You may have heard the name Walter O'Brien in your sitting-on-the-couch moments. It's the character played by Elyes Gabel in the CBS television drama "Scorpion."
Also, he's a real dude. "Scorpion" is his nickname, and also the name of his company. It's a company that does a bunch of stuff, including inventing a lot of the systems you see on the show — notably a device that feeds oxygen to the blood so that you don't have to breathe, giving you, say, 20 minutes or so underwater, as long as you remember not to try to bring air into your lungs, thereby swallowing water.
Scorpion was his hacker name back in the '80s, when, as a child in Ireland, with a 400-baud modem before most of us had heard of the Internet, he downloaded mechanical drawings of the space shuttle. The U.S. one. From NASA. From their "secure" servers.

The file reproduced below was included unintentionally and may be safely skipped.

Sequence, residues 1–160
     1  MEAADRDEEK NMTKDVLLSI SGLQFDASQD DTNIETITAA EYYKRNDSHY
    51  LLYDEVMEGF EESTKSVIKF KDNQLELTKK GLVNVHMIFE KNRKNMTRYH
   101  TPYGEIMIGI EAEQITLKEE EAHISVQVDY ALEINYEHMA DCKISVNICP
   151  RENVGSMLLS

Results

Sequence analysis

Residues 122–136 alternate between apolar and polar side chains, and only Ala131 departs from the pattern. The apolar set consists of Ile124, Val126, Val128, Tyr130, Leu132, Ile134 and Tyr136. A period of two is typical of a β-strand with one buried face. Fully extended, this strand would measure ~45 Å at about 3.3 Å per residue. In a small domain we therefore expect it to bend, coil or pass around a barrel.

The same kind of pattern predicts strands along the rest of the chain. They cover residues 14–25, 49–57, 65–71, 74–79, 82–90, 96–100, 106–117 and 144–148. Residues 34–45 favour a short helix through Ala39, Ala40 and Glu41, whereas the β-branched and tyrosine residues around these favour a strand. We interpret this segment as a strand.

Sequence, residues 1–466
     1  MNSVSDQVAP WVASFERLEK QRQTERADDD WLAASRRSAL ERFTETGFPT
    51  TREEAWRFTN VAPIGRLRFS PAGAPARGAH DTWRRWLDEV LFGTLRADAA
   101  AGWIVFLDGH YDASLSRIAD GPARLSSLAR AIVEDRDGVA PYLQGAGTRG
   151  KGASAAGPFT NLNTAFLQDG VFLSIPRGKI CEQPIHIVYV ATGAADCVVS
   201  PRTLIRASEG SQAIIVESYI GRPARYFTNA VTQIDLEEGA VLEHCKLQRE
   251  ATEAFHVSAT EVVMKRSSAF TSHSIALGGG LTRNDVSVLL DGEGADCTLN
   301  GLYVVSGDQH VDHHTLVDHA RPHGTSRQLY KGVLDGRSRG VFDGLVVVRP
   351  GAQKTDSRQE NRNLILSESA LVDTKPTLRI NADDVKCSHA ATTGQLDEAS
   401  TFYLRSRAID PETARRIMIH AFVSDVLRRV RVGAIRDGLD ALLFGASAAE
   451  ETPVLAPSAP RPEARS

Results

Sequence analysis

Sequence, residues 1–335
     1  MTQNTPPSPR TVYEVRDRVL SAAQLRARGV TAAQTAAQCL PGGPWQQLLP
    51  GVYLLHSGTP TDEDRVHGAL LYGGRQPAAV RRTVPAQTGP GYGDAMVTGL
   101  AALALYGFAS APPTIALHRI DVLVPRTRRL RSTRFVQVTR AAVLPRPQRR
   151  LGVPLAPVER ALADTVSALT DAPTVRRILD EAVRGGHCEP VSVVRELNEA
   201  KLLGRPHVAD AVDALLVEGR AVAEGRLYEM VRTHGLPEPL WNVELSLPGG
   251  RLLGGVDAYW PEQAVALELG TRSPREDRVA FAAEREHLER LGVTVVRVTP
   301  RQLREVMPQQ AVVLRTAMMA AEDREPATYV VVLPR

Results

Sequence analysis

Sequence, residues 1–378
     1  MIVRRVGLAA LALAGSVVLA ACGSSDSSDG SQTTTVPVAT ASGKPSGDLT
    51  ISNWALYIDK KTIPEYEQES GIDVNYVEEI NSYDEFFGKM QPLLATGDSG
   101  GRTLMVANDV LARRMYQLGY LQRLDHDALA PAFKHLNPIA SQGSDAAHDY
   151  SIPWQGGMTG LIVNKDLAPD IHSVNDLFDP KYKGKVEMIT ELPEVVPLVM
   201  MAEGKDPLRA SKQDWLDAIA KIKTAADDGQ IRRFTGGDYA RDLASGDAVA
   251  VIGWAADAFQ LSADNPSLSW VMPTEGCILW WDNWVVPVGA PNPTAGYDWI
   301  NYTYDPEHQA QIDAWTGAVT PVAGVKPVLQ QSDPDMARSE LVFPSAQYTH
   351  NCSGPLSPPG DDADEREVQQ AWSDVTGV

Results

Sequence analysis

Imagine his parents' surprise when he produced an extradition waiver from his book bag, since he figured law enforcement would be knocking on his door.
He turned 41 yesterday; it's not like he's been at this stuff for all that long.
In case you're wondering, and I imagine by now you are, his IQ was measured at 197.
O'Brien notes that the purpose of our bodies is really to keep our heads functioning, and more specifically, our brains. Our brains are essentially wired data networks. While we have memories that it's easy to think about as data, like computer files, they also have a bunch of software in them, if you will. The brain keeps the heart beating, the lungs functioning, and moves our limbs, without conscious thought.
It stands to reason, then, that all that data could be backed up, the way a hard drive is backed up. O'Brien thinks we'll be able to get a brain's worth of data on a chip in about 10 to 12 years.